It is true that many Roma are subject to racism and discrimination in the countries of Central and Eastern Europe. That in a number of those countries there is a disproportionate number of Roma children placed in special needs schools just because of their ethnicity. That was the finding of the European Court of Justice in 2007, DH and others v. the Czech Republic, and little has changed since that ruling. Many live in areas with little opportunity to work and in poor living conditions. More effective use of EU and national funds in Eastern Europe and stamping out the wastage and abuse of this money by the political elite and redirecting it to people working in the communities at most need of support would make a big difference.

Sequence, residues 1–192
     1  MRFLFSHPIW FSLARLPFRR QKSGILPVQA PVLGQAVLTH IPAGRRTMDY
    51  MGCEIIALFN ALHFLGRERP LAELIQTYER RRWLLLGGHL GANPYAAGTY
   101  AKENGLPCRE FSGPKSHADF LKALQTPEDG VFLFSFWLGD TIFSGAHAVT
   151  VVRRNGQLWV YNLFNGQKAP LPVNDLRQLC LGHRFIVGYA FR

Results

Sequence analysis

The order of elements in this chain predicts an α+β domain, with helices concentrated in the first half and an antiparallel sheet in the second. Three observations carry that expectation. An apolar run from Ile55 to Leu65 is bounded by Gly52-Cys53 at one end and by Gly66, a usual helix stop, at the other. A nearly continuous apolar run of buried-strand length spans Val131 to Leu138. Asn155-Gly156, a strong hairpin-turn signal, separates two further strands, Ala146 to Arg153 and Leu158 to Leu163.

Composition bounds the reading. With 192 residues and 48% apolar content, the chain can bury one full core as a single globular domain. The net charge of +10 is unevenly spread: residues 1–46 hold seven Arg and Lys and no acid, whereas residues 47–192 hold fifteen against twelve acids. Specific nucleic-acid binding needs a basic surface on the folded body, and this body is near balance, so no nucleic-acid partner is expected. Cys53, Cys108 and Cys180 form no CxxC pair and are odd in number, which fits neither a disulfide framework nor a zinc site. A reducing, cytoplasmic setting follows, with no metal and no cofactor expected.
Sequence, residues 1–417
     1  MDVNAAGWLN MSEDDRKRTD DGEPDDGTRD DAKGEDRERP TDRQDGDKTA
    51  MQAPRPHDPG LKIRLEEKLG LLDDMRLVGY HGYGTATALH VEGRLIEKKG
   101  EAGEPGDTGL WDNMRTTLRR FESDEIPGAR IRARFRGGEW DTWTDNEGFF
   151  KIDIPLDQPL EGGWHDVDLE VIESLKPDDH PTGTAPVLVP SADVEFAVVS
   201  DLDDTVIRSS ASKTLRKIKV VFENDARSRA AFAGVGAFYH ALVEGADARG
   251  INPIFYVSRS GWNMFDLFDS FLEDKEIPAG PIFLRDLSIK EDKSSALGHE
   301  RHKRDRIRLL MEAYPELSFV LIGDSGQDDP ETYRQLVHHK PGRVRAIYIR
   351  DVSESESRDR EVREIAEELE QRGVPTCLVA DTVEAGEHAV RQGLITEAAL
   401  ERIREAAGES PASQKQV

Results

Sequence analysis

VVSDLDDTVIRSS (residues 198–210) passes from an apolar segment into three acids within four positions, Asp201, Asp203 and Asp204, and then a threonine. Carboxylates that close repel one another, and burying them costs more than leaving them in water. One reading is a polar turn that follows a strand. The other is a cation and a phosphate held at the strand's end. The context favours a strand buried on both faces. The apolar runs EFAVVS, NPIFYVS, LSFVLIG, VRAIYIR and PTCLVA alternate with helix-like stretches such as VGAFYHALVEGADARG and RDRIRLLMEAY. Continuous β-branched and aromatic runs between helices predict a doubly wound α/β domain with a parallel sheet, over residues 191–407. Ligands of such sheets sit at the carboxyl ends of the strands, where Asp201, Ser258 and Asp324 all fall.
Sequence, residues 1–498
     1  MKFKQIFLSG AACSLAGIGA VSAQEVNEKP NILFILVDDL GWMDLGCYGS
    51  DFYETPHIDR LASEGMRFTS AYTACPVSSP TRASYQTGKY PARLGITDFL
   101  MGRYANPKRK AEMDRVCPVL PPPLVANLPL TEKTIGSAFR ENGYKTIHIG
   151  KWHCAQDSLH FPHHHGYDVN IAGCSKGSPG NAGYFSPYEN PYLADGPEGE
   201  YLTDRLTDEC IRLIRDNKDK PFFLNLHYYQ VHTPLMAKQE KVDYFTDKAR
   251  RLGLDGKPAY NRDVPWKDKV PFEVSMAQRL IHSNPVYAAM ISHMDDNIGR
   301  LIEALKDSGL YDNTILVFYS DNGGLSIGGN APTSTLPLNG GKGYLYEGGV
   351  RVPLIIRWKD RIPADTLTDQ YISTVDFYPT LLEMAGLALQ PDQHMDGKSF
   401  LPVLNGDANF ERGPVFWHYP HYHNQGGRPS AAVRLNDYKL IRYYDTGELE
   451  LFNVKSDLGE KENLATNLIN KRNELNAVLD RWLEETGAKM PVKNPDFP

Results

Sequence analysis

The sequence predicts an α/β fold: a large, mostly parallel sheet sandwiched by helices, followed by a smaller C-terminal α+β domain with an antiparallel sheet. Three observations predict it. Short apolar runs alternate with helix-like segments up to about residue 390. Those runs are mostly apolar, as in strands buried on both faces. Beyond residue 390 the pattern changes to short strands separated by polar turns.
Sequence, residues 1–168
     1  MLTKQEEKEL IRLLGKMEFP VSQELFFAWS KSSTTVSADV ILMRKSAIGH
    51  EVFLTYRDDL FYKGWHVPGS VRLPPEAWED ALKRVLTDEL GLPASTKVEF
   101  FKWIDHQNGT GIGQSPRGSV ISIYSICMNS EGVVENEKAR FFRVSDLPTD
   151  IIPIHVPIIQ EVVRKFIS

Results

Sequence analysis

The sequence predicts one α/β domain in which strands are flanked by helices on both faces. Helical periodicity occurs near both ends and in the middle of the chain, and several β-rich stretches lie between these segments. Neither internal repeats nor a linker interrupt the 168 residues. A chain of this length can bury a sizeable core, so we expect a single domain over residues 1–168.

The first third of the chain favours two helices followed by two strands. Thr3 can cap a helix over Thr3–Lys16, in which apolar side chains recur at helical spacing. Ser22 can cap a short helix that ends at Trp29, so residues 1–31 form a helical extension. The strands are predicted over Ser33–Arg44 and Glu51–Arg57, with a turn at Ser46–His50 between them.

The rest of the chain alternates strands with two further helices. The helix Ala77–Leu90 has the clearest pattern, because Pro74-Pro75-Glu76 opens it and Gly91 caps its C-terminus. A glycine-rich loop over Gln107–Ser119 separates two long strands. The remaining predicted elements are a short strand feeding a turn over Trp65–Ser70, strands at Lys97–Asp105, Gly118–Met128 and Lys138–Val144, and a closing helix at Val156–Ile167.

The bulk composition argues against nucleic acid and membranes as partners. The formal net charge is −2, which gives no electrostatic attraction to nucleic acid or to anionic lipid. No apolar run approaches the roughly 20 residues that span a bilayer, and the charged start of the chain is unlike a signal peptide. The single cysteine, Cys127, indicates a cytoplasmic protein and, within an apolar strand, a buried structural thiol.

As would eliminating the easy, stereotyped way that Roma are portrayed as thieves, benefit cheats and people traffickers, the largest ethnic group in the EU yet the one with the least listened to voice in media, politics and society. The Community Channel season on Gypsy, Roma and Traveller communities in May and June will go some way to give them that voice, broadcasting programmes without an editorial or political agenda where Gypsies, Roma and Travellers are truly able to contribute their own views to provide a more balanced picture. The season offers fact over myth, and break down stereotypes. Let’s hope UK media with the worst examples catch up and do so soon.

The Gypsy, Roma and Traveller Season on Community Channel is on until 14 June and available to view on Freeview, BBC iPlayer, Sky, Virgin Media, BT Vision and online via www.communitychannel.org

A young Roma girl does her homework in Romania. Photograph: Getty Images

Alan Anstead is the founder and chief executive of a UK charity, Equality, which works with and for Roma in the UK. The Gypsy, Roma and Traveller Season on Community Channel is on until 14 June and available to view on Freeview, BBC iPlayer, Sky, Virgin Media, BT Vision and online via www.communitychannel.org